Canine Arthritis: How to Help Your Arthritic Dog?
By Guest Columnist Jenny Perkins; edited by Your Pets Forever
Like humans, our dogs’ joints and bones also go through wear and tear. It can get severe as our pets age and make them more susceptible to diseases like Osteoarthritis. The illness can affect our dog’s mobility and put them through excruciating pain. Hence it is essential to control the disease and find out ways to make it easier for our arthritic pups.
Why do Dogs Suffer from Arthritis?
As our dogs grow old, the cartilage deteriorates which reduces the space between joints. When the bones start to brush against each other, it causes your dog pain and discomfort. The joint cells also die and release enzymes which cause inflammation. This can worsen if other factors accompany the disease such as diabetes, obesity, Cushing’s disease, etc.
Arthritis impacts the everyday activities of our pups. They become reluctant to movement and hesitate to go for walks. A significant issue is that dogs are stoic and therefore they hide pain until it becomes quite unbearable.
What are the Common Symptoms of Arthritis?
The indications can vary depending upon how far the disease has progressed. Common signs include stiffness of bones especially after resting for long durations. You will notice that your dog has difficulty standing up after sleeping or lying down. Your pup won’t be as active and excited for playtime or exercise. As the problem gets severe, you may find your dog limping or spot lameness in one or both hind legs. Animals that suffer arthritic pain may get easily annoyed and growl or bite. Excessive licking or muscle atrophy are among the other signs.
If your dog exhibits any of these symptoms, get him checked by the vet immediately. The veterinarian will conduct physical examinations and may suggest X-Rays to determine the condition accurately. If your dog gets diagnosed with arthritis, he may be prescribed medications or some treatment. Here are a few useful tips to help you take better care of your arthritic pooch:
Add Glucosamine, Chondroitin and Hyaluronic acid to your pup’s diet.
These three compounds are favorable for joint health and relieving arthritis. Glucosamine is made up of Glutamine (an amino acid) and glucose. It repairs the cartilage by boosting the production of glycosaminoglycans, the building block of cartilage and joint fluid. It also reduces inflammation and slows the aging process for your pup’s joints. Glucosamine is often used in combination with Chondroitin Sulfate. Chondroitin inhibits the production of cells that damage cartilage. Hyaluronic acid helps to keep cartilage strong and flexible to better cushion joints. You might also add an ultra-pure fish oil.
You can give your dog these substances in the form of useful supplements. Some foods are a natural source of these compounds such as bone broth, trachea, shellfish shells, lipped mussels, etc. The gristle over animal bones is a useful source of chondroitin.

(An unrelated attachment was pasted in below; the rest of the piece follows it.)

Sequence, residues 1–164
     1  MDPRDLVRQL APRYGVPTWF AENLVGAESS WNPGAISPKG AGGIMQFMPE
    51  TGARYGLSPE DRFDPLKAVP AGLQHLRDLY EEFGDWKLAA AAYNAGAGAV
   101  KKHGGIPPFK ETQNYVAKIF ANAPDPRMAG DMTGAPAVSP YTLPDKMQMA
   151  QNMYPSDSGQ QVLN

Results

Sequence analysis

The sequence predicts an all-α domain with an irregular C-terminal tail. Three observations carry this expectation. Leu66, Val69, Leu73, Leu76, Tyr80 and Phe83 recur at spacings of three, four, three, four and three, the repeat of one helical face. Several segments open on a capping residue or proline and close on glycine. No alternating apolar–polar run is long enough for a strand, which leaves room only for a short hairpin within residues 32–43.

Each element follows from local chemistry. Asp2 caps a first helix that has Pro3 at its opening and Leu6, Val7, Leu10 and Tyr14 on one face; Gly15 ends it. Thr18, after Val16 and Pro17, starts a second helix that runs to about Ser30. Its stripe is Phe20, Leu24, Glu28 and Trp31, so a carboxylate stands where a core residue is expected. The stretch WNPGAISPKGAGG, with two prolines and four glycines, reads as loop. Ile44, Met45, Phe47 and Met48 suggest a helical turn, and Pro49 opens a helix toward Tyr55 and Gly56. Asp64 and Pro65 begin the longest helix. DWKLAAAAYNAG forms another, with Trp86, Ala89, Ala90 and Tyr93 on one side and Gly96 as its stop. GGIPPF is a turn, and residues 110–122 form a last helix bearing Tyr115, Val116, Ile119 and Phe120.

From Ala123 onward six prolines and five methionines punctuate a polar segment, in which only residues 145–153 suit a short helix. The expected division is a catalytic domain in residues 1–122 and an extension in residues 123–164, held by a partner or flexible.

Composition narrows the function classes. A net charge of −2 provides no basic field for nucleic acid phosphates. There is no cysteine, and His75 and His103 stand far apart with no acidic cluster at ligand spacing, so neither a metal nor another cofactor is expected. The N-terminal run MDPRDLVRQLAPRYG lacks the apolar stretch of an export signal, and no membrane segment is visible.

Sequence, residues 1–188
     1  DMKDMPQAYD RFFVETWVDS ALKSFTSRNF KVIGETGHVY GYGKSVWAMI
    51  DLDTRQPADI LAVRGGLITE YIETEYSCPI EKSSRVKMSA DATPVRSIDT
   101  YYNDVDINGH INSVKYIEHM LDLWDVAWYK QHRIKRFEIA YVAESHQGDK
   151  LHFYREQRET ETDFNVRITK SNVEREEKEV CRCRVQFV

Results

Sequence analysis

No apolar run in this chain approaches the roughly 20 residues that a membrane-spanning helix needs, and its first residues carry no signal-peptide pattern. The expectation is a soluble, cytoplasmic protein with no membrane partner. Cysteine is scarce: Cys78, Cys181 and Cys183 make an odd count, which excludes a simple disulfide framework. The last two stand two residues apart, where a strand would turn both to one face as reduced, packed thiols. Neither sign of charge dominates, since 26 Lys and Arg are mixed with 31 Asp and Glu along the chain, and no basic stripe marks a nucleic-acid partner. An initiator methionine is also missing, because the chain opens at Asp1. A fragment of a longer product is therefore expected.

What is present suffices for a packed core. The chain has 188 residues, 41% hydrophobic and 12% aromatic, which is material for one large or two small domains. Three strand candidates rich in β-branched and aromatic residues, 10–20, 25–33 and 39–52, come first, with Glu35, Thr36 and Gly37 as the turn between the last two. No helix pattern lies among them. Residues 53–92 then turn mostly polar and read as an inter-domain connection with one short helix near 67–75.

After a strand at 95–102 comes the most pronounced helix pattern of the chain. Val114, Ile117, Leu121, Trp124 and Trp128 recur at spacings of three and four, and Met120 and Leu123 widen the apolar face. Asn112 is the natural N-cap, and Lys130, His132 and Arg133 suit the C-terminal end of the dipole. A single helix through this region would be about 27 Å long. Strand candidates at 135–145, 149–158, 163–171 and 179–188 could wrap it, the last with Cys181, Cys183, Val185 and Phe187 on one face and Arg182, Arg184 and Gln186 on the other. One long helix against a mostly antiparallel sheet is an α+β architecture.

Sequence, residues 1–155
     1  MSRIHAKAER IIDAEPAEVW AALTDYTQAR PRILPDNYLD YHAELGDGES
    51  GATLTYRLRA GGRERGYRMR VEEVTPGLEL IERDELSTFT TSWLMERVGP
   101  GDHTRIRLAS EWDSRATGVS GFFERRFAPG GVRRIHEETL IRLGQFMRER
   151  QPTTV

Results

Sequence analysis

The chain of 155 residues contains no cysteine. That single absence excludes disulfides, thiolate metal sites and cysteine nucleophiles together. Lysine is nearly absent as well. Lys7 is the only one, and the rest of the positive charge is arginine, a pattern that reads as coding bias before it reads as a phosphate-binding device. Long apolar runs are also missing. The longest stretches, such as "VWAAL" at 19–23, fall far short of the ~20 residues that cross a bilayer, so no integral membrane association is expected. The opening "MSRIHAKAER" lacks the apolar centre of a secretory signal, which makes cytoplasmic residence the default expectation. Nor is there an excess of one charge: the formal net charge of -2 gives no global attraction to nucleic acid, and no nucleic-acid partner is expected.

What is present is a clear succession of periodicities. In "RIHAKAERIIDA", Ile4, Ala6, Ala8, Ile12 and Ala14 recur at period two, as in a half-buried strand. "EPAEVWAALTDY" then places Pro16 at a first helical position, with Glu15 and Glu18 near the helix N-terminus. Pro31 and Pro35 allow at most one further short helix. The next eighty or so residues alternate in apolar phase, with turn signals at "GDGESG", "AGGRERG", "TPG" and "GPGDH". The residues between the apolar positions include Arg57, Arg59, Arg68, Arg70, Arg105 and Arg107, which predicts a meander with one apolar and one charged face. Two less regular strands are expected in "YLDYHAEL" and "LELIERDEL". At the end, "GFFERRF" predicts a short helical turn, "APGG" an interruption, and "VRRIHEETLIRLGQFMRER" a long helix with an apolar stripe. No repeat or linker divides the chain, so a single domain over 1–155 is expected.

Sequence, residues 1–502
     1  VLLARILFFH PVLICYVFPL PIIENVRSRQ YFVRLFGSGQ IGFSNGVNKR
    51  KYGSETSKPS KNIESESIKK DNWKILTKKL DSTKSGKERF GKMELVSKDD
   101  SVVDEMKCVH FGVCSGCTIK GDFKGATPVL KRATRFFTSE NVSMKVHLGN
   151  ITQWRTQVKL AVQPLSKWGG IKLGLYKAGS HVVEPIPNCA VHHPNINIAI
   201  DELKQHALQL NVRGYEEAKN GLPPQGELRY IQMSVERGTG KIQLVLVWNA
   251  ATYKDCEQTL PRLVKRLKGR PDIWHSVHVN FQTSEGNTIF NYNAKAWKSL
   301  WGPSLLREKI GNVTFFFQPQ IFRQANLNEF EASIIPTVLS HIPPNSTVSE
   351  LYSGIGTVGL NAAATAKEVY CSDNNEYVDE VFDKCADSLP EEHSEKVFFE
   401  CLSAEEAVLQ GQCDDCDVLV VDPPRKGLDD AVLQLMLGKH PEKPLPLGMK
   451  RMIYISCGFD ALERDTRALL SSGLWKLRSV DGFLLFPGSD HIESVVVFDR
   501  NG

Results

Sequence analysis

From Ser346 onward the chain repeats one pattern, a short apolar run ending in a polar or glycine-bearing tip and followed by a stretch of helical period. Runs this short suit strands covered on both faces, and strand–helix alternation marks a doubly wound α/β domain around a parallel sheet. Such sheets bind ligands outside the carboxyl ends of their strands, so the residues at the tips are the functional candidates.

Keep a Tab on Your Dog’s Weight
If your dog is obese, the excessive body weight will put significant strain on his joints and bones. Maintaining an ideal weight is essential but make sure your dog loses weight at a reasonable pace. Measure his food! Consider feeding our Adult Weight Loss food made of high quality proteins, which is also appropriate for maintenance and for senior dogs.
Exercise also needs to be a vital part of the routine but if your dog is suffering from arthritis think of gentle ways of incorporating it. Ideal activities would include swimming as it doesn’t put pressure on your pup’s joints, but the exercise utilizes the muscles. You can also take your dog on short walks.
Massage Can Help
Ask your veterinarian if massaging your pup would be a good idea. If the vet approves then you can try different techniques and choose the one that best suits your dog. It can help relieve muscular tension and may decrease joint deterioration. Make sure you don’t massage your dog after he has eaten, wait for about 2 hours. Begin by warming up your dog using light strokes along the length of the body. If any area of the body appears inflamed after the massage, wrap it up in a cold towel. Contact the vet if the swelling persists. Another thing to keep in mind is not to directly apply pressure on the painful joint, always massage the area around it.
Provide Your Furry-Friend a Comfortable Environment
It is crucial to make changes to your pup’s surrounding that would facilitate him. Install dog- friendly ramps to avoid jumping from car seats or sofas. Provide warm and comfortable bedding and add rugs or soft surfaces around the house to minimize the chances of injuries.
Jenny Perkins is an Animal Behavior Specialist and a passionate writer. She loves to write about the nutrition, health, and care of dogs. She aims at providing tips to dog owners that can help them become better pet parents. She writes for the blog Here Pup.